History of The Three Rivers Petroglyph Site

The Jornada Mogollon people are thought to have descended from nomadic peoples who inhabited south-central New Mexico from approximately 5000 B.C.. By A.D. 900, the Jornada Mogollon had established villages around what is currently Three Rivers, New Mexico. These people subsisted by agriculture, hunting wild game, and by gathering edible desert plants, such as mesquite seeds, prickly pear cactus, and yucca. The year-round supply of water draining from the slopes 12,003 ft. Sierra Blanca towering to the east allowed these people to grow corn, squash, and beans. Extensive trade routes linked the Jornada Mogollon to other cultures to the north, south, and west. A severe drought at the end of the thirteenth century is often cited as the cause of the decline of the Jornada Mogollon culture. By 1400 A.D. the sites around Three Rivers had been abandoned.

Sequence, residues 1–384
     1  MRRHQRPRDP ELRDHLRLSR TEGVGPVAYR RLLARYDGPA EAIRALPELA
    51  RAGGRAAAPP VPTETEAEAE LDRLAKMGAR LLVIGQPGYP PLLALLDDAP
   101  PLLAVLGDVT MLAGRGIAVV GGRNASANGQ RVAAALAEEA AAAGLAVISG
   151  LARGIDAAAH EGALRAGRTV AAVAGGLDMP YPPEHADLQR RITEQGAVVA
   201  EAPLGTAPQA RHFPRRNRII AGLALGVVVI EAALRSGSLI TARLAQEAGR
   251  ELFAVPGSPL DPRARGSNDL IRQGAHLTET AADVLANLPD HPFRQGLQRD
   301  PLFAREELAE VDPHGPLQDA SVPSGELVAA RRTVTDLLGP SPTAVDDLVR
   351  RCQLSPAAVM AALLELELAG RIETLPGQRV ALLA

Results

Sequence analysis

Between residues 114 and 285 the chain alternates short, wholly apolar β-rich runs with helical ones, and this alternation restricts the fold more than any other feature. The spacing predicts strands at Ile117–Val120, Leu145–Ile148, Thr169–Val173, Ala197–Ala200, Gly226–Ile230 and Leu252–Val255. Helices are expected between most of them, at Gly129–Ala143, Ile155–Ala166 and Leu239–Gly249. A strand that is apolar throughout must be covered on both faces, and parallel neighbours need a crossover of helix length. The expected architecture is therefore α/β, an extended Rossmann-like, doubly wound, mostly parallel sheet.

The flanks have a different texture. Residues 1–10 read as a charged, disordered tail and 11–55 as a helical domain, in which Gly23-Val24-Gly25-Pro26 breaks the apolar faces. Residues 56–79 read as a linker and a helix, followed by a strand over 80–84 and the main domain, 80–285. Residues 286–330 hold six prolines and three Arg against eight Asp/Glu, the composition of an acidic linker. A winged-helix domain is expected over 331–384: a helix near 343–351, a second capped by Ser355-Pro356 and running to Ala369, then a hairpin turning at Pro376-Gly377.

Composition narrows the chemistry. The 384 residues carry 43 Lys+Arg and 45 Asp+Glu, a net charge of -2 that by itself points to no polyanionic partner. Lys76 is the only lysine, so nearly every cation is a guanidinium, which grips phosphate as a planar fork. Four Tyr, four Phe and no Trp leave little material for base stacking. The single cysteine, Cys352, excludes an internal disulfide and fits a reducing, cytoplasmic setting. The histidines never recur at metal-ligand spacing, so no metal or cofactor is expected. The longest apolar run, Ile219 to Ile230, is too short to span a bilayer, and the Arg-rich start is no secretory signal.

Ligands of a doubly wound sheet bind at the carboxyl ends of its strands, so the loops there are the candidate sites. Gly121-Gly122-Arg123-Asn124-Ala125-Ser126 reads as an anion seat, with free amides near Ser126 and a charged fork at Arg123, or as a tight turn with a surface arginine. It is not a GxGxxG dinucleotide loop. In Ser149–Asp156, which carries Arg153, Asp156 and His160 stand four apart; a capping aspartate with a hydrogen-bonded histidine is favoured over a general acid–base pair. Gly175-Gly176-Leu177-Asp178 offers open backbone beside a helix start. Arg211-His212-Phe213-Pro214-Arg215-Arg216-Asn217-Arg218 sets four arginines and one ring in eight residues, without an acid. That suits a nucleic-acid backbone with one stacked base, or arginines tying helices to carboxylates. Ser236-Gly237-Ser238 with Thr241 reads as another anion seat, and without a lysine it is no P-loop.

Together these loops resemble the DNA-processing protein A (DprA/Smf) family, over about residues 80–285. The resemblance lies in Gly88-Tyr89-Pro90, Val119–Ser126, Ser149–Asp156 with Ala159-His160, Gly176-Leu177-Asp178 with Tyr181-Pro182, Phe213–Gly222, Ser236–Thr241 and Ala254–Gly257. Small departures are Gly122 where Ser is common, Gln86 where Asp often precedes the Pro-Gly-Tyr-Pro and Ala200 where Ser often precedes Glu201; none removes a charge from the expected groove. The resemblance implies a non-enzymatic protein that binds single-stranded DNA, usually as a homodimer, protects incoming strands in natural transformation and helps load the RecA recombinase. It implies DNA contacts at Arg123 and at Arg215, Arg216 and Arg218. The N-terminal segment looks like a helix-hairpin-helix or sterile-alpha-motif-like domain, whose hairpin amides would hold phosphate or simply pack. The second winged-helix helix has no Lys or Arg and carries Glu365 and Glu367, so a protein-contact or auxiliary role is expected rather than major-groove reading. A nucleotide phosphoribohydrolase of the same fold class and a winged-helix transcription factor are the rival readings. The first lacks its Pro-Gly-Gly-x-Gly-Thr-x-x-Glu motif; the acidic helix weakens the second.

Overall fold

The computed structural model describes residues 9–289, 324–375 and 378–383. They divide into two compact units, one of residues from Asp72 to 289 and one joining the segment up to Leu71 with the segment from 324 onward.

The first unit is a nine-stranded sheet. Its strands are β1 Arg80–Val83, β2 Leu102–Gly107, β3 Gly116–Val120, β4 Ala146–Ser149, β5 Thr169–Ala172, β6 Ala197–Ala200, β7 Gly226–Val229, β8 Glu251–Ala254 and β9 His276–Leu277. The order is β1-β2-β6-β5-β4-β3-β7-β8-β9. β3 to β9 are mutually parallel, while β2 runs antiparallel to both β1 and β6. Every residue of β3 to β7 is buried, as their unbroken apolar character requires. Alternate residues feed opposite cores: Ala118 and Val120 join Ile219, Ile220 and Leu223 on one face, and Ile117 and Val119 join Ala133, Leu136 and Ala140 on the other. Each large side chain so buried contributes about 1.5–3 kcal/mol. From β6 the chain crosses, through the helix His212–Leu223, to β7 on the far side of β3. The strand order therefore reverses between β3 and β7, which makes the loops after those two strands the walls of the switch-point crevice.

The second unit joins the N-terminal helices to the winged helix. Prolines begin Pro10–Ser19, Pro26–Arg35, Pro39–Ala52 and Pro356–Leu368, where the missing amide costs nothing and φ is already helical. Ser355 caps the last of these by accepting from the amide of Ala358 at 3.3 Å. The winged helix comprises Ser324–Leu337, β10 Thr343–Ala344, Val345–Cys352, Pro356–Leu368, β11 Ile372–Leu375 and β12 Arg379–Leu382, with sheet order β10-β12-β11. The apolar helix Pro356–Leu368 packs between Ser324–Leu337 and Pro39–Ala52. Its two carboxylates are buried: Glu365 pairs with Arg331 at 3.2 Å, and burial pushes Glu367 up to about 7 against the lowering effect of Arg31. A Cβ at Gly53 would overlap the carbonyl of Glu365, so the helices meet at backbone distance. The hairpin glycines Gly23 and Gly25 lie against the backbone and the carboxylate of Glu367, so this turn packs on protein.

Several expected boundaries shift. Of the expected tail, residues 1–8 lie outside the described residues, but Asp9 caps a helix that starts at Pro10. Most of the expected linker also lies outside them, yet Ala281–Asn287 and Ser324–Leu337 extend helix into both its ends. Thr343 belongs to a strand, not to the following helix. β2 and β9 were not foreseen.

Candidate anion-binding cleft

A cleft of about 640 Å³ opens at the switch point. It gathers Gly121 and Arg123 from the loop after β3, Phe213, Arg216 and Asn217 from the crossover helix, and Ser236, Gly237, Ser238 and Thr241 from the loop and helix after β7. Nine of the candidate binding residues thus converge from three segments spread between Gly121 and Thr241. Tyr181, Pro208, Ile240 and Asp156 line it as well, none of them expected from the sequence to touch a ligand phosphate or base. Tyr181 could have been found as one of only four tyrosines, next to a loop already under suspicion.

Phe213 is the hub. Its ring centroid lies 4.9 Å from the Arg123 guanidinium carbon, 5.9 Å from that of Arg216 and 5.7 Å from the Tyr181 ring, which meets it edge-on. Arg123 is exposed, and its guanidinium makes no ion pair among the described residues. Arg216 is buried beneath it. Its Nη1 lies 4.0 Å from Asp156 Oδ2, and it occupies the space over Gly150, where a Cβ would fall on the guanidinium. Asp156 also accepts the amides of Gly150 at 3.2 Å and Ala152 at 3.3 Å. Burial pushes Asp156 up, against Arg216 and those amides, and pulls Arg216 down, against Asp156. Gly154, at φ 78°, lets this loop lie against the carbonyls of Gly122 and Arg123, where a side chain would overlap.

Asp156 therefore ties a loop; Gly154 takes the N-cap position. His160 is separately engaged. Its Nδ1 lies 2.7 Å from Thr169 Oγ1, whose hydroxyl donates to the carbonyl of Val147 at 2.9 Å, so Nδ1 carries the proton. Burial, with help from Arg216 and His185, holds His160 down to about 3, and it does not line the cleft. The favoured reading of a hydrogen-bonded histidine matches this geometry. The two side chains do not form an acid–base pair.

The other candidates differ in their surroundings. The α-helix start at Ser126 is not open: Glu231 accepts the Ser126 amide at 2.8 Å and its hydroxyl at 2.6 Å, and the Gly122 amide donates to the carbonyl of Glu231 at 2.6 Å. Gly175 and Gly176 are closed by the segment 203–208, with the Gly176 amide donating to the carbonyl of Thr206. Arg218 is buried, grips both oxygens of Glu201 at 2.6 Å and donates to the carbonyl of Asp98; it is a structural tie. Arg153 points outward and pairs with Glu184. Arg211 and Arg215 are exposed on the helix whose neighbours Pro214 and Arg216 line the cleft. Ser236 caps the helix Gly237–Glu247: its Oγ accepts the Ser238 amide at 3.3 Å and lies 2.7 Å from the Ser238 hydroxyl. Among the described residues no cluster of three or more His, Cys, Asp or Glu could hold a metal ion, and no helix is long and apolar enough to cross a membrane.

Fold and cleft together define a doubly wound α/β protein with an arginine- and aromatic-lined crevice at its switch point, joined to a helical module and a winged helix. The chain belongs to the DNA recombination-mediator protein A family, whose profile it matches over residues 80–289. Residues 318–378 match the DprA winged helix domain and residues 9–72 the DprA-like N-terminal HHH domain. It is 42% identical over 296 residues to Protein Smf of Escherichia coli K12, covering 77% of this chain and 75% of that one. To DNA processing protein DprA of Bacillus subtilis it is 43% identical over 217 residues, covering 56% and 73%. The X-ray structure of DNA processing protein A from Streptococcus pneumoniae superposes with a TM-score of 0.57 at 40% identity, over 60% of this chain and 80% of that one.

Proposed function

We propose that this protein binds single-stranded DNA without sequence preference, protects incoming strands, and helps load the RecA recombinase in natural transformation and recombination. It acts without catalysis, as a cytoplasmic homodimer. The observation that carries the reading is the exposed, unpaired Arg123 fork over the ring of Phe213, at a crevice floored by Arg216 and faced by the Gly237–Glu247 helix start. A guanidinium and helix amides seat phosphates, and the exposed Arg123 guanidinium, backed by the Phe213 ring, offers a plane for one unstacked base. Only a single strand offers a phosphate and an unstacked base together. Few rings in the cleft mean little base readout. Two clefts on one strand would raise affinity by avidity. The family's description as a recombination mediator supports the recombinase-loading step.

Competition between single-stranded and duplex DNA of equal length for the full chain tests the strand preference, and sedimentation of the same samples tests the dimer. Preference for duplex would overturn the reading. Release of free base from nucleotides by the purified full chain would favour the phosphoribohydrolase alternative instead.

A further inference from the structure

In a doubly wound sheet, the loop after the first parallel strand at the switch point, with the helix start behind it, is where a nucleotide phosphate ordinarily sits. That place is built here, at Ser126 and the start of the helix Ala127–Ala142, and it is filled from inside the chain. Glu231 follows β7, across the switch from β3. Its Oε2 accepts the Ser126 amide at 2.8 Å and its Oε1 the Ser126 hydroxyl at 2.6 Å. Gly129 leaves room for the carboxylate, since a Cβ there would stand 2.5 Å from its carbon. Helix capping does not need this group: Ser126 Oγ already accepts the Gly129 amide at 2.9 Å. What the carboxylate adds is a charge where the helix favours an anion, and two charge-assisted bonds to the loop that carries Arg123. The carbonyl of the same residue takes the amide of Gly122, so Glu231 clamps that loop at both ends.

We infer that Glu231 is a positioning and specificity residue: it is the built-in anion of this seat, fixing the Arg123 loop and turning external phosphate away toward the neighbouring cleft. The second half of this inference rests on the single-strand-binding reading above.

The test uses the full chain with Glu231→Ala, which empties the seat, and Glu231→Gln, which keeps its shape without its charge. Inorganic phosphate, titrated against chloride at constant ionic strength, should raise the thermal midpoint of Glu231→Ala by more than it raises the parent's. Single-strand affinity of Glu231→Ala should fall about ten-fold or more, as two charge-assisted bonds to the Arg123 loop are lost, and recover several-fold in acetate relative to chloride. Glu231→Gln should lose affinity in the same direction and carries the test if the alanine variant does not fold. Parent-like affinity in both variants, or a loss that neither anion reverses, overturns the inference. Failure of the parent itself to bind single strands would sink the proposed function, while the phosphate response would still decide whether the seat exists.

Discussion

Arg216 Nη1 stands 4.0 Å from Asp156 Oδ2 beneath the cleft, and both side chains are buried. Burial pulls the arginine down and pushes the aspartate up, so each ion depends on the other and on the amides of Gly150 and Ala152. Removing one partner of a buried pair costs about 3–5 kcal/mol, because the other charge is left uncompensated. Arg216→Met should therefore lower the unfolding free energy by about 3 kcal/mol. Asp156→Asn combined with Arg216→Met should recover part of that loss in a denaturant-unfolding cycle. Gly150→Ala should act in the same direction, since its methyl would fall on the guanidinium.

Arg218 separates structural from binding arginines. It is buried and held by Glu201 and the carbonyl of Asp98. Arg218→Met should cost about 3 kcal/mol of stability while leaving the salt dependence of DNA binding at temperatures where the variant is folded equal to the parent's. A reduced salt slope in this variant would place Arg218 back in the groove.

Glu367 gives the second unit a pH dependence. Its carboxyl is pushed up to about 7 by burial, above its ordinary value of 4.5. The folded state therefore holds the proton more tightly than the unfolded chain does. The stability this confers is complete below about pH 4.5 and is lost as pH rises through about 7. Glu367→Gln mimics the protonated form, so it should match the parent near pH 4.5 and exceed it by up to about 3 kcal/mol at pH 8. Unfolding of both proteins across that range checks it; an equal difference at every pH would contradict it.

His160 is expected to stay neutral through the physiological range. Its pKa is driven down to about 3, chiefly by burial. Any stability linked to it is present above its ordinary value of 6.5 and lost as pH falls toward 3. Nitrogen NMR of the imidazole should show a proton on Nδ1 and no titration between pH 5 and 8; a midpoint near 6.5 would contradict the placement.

The rock carvings at this site were made with stone tools. Many of the designs are similar to the Mimbres style prevalent in Southwestern New Mexico. Archaeologists are not certain what all of the symbols found at Three Rivers signify. They are thought to have religious meanings, or perhaps were used to record significant events.

The petroglyphs are located on a ridge overlooking the Jornada De Muerto (Desert of Death). To the west is the beautiful Tularosa Basin. Along the western horizon stand the San Andres mountains, the glistening white sand of White Sands National Monumement at their base. Tower overhead to the east is 12,003 ft. Sierra Blanca mountain.

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Last modified December 21, 1994.
Ron Wayne Green